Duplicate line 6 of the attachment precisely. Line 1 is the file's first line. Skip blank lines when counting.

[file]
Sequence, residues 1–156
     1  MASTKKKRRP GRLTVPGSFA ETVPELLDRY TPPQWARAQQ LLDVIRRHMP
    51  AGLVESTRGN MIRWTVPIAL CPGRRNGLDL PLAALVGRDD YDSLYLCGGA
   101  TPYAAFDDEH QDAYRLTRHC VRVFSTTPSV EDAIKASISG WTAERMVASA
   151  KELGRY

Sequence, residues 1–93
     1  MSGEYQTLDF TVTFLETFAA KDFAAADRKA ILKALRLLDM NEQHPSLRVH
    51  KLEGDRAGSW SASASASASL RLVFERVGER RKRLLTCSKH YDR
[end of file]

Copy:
Sequence, residues 1–93